Bharat Movie Review: Salman Khan is fleetingly earnest in this sentimental epic
Ali Abbas Zafar's film has great music, and works despite the predictable arcs and inexcusable length
Ali Abbas Zafar’s Bharat is a sprawling, sentimental epic about everything Indians hold dear: family, employment exchange, Zee TV. The film spans from 1947 to the year Dabangg was released, but for a good part has lead actor Salman Khan playing his age. As a Nehruvian moralist saddled with a semi-adventurous backstory — 'Forrest Grump', if you will — Salman lowballs his scenes and allows others to shine around him. Katrina Kaif and Sunil Grover make the most of this added wiggle room, while other actors fade. Shashank Arora, so annoying as the narrator in Made In Heaven, doesn't even get a line.
Episodic history primers are finally taking off in Bollywood. Once Salman clears the stage, Aamir Khan will ascend next year with Lal Singh Chadha. The genre remains ripe for scale and high drama, though Ali Abbas (adapting from the 2014 South Korean film Ode to My Father) makes some odd choices here. Once Partition is over with, there’s no real war or social strife to look into. Instead, the filmmaker, possibly lulled by the shelling and violence in Tiger Zinda Hai, his last outing with Salman and Katrina, chooses to tell the economic history of India. The approach is smart but not entirely compelling. We sift unconvincingly from the sluggish mid-sixties to the depressive seventies to the prosperous nineties, all the while Bharat — a young boy who made a promise to his father — makes good on his word.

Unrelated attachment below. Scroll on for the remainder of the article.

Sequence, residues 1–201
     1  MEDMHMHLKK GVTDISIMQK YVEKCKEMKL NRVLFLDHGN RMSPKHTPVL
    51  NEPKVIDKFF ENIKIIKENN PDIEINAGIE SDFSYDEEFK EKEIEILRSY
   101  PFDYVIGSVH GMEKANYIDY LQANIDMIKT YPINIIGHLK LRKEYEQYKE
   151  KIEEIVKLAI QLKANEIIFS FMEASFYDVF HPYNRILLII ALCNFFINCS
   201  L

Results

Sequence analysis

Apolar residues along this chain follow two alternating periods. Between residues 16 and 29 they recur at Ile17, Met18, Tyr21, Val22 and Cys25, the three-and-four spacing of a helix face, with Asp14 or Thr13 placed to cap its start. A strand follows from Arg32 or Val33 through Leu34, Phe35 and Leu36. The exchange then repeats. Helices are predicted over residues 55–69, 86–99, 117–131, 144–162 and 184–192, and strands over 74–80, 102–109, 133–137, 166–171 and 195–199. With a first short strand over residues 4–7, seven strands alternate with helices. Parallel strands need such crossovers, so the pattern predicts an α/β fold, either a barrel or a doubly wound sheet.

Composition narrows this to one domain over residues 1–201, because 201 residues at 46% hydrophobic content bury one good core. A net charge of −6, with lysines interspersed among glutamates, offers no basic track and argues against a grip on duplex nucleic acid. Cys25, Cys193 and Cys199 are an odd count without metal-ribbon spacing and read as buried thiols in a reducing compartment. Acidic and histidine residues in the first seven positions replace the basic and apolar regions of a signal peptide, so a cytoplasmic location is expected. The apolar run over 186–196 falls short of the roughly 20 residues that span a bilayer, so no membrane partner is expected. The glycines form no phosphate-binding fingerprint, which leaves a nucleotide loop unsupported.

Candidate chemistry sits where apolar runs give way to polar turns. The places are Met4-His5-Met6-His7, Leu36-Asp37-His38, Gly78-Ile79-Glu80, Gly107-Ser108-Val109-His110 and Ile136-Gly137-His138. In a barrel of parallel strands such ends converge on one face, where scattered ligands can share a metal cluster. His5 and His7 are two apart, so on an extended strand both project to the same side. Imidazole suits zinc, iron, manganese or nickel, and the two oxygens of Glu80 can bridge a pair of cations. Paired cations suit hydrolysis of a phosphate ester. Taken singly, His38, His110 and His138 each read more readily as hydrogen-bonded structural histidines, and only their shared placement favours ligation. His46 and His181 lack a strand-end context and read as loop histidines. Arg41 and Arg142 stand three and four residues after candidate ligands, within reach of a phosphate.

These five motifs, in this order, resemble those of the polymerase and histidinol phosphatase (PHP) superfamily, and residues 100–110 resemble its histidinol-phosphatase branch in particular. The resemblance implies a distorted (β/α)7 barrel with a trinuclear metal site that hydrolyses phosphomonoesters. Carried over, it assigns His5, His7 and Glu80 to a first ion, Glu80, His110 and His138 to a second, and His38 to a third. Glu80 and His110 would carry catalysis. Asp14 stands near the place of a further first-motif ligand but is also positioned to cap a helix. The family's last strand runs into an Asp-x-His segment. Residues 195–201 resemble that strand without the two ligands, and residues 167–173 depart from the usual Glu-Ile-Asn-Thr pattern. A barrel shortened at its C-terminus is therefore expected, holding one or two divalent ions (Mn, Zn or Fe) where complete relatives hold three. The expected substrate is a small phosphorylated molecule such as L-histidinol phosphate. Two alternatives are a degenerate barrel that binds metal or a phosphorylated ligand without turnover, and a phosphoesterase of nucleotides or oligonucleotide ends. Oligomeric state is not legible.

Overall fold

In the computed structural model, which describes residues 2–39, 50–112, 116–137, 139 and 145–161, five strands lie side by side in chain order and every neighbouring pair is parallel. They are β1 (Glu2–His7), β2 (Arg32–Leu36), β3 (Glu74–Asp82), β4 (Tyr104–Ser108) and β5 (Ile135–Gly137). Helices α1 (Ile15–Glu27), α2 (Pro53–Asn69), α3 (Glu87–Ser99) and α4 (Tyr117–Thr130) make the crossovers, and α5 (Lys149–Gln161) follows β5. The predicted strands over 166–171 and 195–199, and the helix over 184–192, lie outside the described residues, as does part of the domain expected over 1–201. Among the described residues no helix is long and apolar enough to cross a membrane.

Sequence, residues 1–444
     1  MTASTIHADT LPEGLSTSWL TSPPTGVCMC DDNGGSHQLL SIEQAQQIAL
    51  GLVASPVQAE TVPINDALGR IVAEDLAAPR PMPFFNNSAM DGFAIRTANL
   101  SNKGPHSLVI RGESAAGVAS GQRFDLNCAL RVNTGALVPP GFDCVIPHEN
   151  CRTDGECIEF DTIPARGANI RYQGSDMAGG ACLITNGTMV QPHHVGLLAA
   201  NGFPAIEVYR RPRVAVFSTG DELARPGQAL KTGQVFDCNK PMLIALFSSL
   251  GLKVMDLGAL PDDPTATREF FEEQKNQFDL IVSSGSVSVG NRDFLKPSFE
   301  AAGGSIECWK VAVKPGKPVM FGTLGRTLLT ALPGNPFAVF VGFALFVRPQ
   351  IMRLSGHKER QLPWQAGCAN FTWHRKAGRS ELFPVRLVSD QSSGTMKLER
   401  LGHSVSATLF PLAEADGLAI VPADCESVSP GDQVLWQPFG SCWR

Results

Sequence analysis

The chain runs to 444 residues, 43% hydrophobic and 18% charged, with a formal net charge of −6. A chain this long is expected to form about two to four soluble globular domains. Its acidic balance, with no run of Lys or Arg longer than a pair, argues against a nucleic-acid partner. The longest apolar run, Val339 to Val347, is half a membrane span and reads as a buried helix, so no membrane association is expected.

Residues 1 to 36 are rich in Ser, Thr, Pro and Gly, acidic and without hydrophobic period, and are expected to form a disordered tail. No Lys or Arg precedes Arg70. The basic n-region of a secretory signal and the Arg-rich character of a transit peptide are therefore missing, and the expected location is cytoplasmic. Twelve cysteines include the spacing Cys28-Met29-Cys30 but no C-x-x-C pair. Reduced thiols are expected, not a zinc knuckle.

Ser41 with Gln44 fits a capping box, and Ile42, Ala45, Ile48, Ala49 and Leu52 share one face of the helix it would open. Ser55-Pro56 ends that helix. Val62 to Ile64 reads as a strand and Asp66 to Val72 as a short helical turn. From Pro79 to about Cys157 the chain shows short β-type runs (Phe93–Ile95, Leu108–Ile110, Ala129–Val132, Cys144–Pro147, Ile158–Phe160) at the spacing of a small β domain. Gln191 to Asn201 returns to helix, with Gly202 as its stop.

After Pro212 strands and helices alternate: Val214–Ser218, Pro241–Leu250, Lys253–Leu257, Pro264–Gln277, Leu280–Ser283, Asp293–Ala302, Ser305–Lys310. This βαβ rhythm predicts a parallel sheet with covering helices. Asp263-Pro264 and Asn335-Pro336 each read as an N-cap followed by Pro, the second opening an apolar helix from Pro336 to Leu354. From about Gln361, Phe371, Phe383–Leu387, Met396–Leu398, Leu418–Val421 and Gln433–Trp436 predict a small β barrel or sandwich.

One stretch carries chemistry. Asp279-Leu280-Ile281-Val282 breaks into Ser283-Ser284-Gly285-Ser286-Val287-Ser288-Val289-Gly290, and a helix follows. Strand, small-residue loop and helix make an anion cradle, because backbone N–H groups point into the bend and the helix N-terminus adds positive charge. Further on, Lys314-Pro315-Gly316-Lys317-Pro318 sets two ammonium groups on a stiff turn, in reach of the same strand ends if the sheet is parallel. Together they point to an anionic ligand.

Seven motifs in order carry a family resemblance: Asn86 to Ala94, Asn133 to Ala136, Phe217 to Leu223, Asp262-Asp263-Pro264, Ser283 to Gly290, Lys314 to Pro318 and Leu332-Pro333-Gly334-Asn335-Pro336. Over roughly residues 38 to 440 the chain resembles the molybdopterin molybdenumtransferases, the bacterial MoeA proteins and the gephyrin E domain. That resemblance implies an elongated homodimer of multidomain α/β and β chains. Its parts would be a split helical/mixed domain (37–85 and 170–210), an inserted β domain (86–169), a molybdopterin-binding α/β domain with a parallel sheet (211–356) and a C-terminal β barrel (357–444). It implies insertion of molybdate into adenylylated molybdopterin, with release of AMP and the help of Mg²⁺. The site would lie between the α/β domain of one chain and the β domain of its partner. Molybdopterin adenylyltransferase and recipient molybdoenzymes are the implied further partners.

Cast: Salman Khan, Katrina Kaif
Director: Ali Abbas Zafar
If you have seen the trailer, you can easily predict the transitions, and since you first meet these characters in their old age, and know how life would pan out for them, there's no thrill to their journeys. Youngest Salman is the most underwhelming, so far removed from the Prems and Surajs of old. The make-up and costume departments craft several looks for him, including an Amol Palekar moustache that keeps losing its angle and shape. Yet the actor comes into his own only towards the end, especially in the Wagah Border scenes that need him to emote beyond two twitches and a smile.
Katrina Kaif has started to have fun with her roles. “Turant exit lele,” she tells off an annoying visitor, and does not squirm to rein in Bharat with, “You are a self-obsessed man.” There's a good deal of over-the-top romance, but the songs are never deployed without context. (The suspiciously original Aithey Aa is a rare example where the dancers serve the song and not the other way round). Bharat has good music, and figures among the best Hindi film albums this year despite featuring lines like, “Phir shaadi hogi, babies honge, badlenge hum napkin…”
Like always, Ali Abbas excels at big set pieces (decent circus stunts plus clean VFX), but can't build much of lesser moments. Bharat’s family dynamics are practically non-existent, and a suitably talented actor is roped in for the final fold. What is enjoyable, though, are the small subversions: a Muslim child laying claim on his motherland, a longish sequence involving the National Anthem that’s interchangeably rousing and ironic.
There's only one fight scene in Bharat — a daring feat for a Salman movie, considering the disaster of Tubelight, but also a sensible one after the washout of Race 3. This is the superstar at his most balanced, mindful of fans but also aware of the bigger picture. In one crudely self-aware scene, Bharat, remorseful after an incident, quits his motorbiking career so as not to mislead the youth. Too often he proclaims his love for the country but places humanity over minor rousings. Such a wizened affectation might bore some, but casts Salman in a new light. Bhaijaan wants you to have fun this Eid, but he also wants you to ride safe.